When Things Go Wrong Let’s Do More of the Same

Originally posted on July 10, 2019 @ 7:03 PM


imageI always find it fascinating when there is an increase in safety statistics or incidents that the call is always about greater vigilance, more checklists, more policing and more effort. What an amazing industry that still doesn’t know why things go wrong.

Rather than question the fundamental flaws in safety ideology or safety orthodoxy or apply a bit of imagination, the assumption is that what has been normalized is effective, its just a glitch. This is despite the fact that something went wrong. It often comes back to blame the individual or blame the system. Ah that’s it, we need to spend more money on a systems review and develop better systems. This is to follow the last three reviews that had the same finding. Clever!

Unfortunately, orthodox safety inquiry assumptions are never questioned, we select the same old mindset to undertake the same old investigation, under the same assumptions, under the same ideological thinking so that nothing in safety orthodoxy will be questioned.

The best way to keep the safety status quo is to get a regulator (or ex-regulator) to undertake an investigation to find out what they already know. This is done using the same STEM tools that have been used over the past 20 years. In this way we can get the same outcome that was achieved last time and run a ‘safety blitz’ across the industry under the assumption that wrong programming or failure in systems is the problem. STEM thinking comes all neatly packaged with no questioning of flawed anthropology, flawed thinking about personhood, no knowledge of human unconsciousness, no understanding of social influence or the nature of human embodied decision making. In this way the enquiry can always come out with the problem being the worker typically in the style of the Danny Cheney tragedy (https://safetyrisk.net/theres-a-hole-in-your-investigation/ ).

Usually the outcome from an orthodox safety investigation is that someone was either ‘not careful’ or ‘complacent’ or perhaps that ‘human error’ was a cause. In the case of Danny Cheney apparently he wanted to suicide that day!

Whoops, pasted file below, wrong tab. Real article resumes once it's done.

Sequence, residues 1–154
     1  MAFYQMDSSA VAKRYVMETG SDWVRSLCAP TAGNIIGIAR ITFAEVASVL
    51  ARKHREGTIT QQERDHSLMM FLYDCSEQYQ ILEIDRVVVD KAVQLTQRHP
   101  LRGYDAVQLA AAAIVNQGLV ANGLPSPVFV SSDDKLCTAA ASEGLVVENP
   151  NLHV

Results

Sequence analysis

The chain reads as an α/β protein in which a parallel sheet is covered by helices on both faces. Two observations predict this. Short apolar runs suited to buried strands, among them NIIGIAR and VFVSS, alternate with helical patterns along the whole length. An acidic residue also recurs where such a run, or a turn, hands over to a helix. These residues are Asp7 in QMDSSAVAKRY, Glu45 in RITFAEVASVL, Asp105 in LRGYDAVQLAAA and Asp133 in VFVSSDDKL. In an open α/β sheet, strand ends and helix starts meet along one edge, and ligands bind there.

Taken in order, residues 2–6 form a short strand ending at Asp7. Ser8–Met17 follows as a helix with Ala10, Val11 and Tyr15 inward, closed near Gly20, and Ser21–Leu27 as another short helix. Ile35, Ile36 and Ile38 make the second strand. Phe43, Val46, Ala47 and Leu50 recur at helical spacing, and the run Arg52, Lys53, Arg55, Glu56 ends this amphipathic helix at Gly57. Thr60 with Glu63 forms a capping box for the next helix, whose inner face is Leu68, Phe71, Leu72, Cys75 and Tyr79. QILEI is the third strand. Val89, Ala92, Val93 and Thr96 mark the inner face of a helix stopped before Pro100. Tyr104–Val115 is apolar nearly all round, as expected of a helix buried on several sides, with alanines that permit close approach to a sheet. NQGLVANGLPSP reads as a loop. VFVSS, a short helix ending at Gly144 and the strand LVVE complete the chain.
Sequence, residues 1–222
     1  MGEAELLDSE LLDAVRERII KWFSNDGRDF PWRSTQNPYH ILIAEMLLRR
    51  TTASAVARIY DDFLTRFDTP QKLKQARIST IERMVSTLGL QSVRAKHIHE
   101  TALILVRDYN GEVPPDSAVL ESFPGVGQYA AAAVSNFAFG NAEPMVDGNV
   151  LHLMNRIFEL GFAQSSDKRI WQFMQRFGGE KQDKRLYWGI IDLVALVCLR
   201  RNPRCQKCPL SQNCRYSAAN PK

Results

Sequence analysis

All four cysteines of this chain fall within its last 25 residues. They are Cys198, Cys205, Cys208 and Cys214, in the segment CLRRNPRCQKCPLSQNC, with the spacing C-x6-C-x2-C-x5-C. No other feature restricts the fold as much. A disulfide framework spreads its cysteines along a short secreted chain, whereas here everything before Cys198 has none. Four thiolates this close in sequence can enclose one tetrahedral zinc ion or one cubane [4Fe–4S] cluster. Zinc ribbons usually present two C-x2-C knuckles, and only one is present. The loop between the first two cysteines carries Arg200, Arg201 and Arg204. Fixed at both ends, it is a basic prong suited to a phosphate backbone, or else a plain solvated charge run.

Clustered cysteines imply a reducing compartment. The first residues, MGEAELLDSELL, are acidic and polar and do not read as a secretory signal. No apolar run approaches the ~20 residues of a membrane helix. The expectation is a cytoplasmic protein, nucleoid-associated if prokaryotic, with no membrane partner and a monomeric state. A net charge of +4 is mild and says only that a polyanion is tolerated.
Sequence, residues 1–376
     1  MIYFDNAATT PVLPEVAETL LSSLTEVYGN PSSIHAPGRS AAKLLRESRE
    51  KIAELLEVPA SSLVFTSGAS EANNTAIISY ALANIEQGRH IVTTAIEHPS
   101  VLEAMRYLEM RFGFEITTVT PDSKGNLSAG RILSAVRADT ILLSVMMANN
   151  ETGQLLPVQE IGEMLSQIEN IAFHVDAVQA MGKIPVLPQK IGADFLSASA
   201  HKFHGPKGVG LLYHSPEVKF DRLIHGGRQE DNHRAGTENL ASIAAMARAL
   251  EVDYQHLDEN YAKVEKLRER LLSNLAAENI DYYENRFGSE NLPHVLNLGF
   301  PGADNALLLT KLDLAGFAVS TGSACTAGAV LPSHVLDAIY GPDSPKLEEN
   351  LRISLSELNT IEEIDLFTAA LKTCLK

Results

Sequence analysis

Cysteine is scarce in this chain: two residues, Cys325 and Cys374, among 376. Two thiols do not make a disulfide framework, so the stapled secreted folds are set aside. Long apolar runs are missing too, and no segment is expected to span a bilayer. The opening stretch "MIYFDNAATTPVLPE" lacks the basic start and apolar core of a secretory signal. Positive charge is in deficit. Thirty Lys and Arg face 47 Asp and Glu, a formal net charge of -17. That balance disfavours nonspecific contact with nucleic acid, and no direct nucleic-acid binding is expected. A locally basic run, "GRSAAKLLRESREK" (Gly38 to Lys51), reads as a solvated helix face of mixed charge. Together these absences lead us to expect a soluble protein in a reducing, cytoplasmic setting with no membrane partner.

In this way the inquiry thinks it has found something when all of this is an attribution and means nothing. This is all assisted by the behaviourist-cognitvist assumptions of James Reason who established that decisions are made by ‘violations’ and ‘omissions’ (https://www.ncbi.nlm.nih.gov/pmc/articles/PMC1117770/ ).

One thing Safety does know is that there couldn’t be a fundamental flaw in the assumptions of safety thinking or systems. There couldn’t be a flaw in the assumptions of the behaviourist-cognitivist investigation. There couldn’t be any problem with STEM assumptions of personhood or understanding of human decision-making. All of these must remain unquestioned. It couldn’t be that there are other worldviews that could offer astounding insight into the way things go wrong. There is no other worldview (https://safetyrisk.net/can-there-be-other-valid-worldviews-than-safety/) there are only ‘known knowns’ and never ‘unknown unknowns’.

This is how Safety makes sure that things stay the same.

Source link

Leave a Reply

This site uses Akismet to reduce spam. Learn how your comment data is processed.